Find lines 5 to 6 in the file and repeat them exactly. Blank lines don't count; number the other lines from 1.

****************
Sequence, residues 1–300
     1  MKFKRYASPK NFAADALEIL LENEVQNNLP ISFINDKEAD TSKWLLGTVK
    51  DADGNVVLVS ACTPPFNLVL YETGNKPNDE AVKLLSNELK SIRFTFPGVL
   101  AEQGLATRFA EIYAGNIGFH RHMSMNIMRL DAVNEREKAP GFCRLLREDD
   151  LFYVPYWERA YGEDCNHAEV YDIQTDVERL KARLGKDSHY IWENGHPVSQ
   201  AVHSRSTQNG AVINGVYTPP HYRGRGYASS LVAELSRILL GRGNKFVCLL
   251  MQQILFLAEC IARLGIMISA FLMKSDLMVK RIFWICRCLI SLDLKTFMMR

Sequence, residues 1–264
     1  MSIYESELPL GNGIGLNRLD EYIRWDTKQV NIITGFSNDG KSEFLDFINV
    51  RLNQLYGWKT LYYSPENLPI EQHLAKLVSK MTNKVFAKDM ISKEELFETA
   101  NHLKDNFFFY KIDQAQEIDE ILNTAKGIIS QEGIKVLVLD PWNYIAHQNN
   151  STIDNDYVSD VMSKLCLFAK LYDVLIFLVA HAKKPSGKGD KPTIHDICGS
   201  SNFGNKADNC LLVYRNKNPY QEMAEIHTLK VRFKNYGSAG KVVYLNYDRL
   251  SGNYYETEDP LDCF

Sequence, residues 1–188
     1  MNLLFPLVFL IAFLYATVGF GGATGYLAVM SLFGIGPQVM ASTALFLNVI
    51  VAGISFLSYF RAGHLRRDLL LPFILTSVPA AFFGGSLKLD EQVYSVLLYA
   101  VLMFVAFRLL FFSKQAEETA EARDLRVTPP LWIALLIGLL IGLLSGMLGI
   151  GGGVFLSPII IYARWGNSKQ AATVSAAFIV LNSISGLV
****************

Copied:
   151  LFYVPYWERA YGEDCNHAEV YDIQTDVERL KARLGKDSHY IWENGHPVSQ
   201  AVHSRSTQNG AVINGVYTPP HYRGRGYASS LVAELSRILL GRGNKFVCLL